Dr Brian Hendrich
Transcriptional Control of Stem Cell Fate
Department of Biochemistry, University of Cambridge
Brian grew up near Seattle, Washington, and consequently is a consummate coffee snob.
He got his PhD from Stanford University in 1995 working on X chromosome inactivation with Huntington Willard. In 1995 he joined the lab of Adrian Bird at the University of Edinburgh and participated in the discovery and characterisation of a family of methyl-CpG binding proteins in mammals.
In 2001 he obtained a Wellcome Trust Career Development Fellowship to start his own laboratory at the Institute for Stem Cell Research, University of Edinburgh. In 2008 he moved to the Wellcome Trust Centre for Stem Cell Research in Cambridge.
He is currently a Wellcome Trust Senior Research Fellow in the Basic Biomedical Sciences, and Director of the PhD Programme in Stem Cell Biology for the Cambridge Stem Cell Institute.
Cells of early mammalian embryos have the potential to develop into any adult cell type, and are thus said to be pluripotent. Pluripotency is lost during embryogenesis as cells begin to commit to specific developmental pathways.
The goal of the group is to understand the transcriptional regulatory mechanisms that underpin the ability of a homogeneous population of pluripotent cells to give rise to the massive heterogeneity existing in somatic tissues. To achieve this they are using a combination of biochemistry, genetics, developmental biology, bioinformatics, ES cell manipulation, in vitro differentiation, proteomics, and gene expression analyses.
We are part of the EU FP7 Project "4DCellFate"
We are part of the Marie Cuire Initial Training Network "DisChrom"
PHOTO CREDIT ANZY MILLER AND HER CRONIES!
Keisuke Kaji 2002-2007 Currently: ESF Research Fellow, University of Edinburgh
Patrick McDonel 2007-2011 Currently: Postdoctoral Researcher, The Whitehead Institute, MIT
Dziugas Gineitis 2007-2009 Currently: Research Scientist (Industry, UK)
Paulina Latos 2008-2011 Currently: Postdoctoral Researcher, The Babraham Institute
Erin Knock 2009-2012 Currently: Postdoctoral Researcher, University of Toronto
. Aoife O'Shaughnessy, BBSRC Case Studentship with Pfizer PLC, University of Cambridge, PhD Awarded 2012. Currently: Postdoctoral Research Fellow, University of Cambridge
. Ita Costello, Wellcome Trust Four Year PhD Student, University of Edinburgh, PhD Awarded 2008. Currently: Postdoctoral Research Fellow, University of Oxford
. Christine Powell (Heliwell), MRC PhD Studentship, University of Edinburgh, PhD Awarded 2007. Currently: General Adventurer and Businesswoman....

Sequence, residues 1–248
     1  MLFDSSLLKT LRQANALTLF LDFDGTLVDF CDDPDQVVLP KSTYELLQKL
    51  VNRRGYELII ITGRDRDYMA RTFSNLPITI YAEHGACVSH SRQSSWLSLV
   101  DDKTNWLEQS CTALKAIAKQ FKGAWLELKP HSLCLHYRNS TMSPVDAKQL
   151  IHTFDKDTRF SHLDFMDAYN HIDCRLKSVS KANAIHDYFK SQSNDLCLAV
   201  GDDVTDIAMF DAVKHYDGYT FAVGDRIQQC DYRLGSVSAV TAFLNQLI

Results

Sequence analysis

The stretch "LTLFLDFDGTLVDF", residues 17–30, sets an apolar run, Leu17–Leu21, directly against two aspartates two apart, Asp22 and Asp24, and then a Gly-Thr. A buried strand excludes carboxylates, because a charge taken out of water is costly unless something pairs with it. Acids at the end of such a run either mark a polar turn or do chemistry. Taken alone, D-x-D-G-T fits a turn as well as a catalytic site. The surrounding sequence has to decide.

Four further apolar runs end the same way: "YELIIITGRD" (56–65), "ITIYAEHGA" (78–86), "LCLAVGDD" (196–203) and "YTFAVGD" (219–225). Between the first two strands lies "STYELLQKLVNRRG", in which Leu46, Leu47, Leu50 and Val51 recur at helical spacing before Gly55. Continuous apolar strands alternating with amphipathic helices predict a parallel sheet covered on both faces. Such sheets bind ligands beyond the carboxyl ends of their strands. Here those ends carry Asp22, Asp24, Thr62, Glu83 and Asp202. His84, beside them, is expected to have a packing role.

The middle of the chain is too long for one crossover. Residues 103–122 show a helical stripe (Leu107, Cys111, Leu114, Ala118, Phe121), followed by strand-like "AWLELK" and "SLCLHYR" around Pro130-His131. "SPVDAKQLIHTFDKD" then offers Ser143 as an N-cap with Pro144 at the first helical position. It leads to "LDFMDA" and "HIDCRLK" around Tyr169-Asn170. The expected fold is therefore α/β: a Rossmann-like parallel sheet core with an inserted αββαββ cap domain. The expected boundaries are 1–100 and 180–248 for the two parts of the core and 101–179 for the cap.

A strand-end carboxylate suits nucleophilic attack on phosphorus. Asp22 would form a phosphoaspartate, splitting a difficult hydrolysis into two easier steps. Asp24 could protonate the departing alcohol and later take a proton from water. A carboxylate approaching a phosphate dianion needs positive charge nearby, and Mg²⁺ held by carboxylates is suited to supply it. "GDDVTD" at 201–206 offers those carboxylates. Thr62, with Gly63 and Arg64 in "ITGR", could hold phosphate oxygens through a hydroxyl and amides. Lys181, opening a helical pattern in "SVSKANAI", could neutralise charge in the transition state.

. Isabel Martin Caballero, School of Biological Sciences PhD Studentship, University of Edinburgh, PhD Awarded 2006. Currently: Postdoctoral Fellow, Karolinska Instituet
. Lars Hansen, Masters Student from Raboud University Nijmegen, 2011-2012. Currently: PhD student, Oxford University
. Philip Brennecke, Erasmus visiting Masters Student from Freie Universität, Berlin. 2008-2009. Currently: PhD student, EMBL, Germany.
. Manoe Janssen, Erasmus visiting Masters Student from Raboud University Nijmegen, 2008. Currently: Postdoctoral Fellow K.U. Leuven, Belgium
Plain EnglishEmbryonic stem cells can either make more copies of themselves, or differentiate to form any cell type in the body. How cells make the decision to differentiate, and which cell type to differentiate into, is controlled by gene expression patterns. We are studying how precise control of gene expression allows cells to make these decisions.
O’Shaughnessy, A. and Hendrich, B. (2013) CHD4 in the DNA-damage response and cell-cycle progression: not so NuRDY now. Biochem. Soc. Trans. 41(3):777-782. doi:10.1042/BST20130027.
- Reynolds, N., O’Shaughnessy, A. and Hendrich, B. (2013) "Transcriptional repressors: multifaceted regulators of gene expression" Development, 140(3), 505–512. doi:10.1242/dev.083105
- Reynolds, N., Latos, P., Hynes-Allen, A., Loos, R., Leaford, D., O’Shaughnessy, A., Mosaku, O., Signolet, J., Brennecke, P., Kalkan, T., Costello, I., Humphreys, P., Mansfield, W., Nakagawa, K., Strouboulis, J., Behrens, A. Bertone, P., and Hendrich, B. (2012) “NuRD suppresses pluripotency gene expression to promote transcriptional heterogeneity and lineage commitment” Cell Stem Cell 10(5): 583-594. 10.1016/j.stem.2012.02.020; Open Access: http://www.ncbi.nlm.nih.gov/pmc/articles/PMC3402183/
Latos, P.A., Helliwell, C., Mosaku, O., Dudzinska, D.A., Stubbs, B.,Berdasco, M., Esteller, M., Hendrich, B. (2012) NuRD-dependent DNA methylation prevents ES cells from accessing a trophectoderm fate. Biology Open
McDonel, P., Demmers, J., Tan, D.M.W., Watt, F., and Hendrich, B. (2012) “Sin3a is essential for the genome integrity and viability of pluripotent cells.” Developmental Biology 363:62, doi:10.1016/j.ydbio.2011.12.019
- Reynolds, N., Salmon-Divon, M., Dvinge, H., Balasooriya, G., Leaford, D., Hynes-Allen, A., Behrens, A., Bertone, P. and Hendrich, B. (2012) “NuRD-mediated deacetylation of H3K27 facilitates recruitment of Polycomb Repressive Complex 2 to direct gene repression” EMBO Journal 31:593, doi:10.1038/emboj.2011.431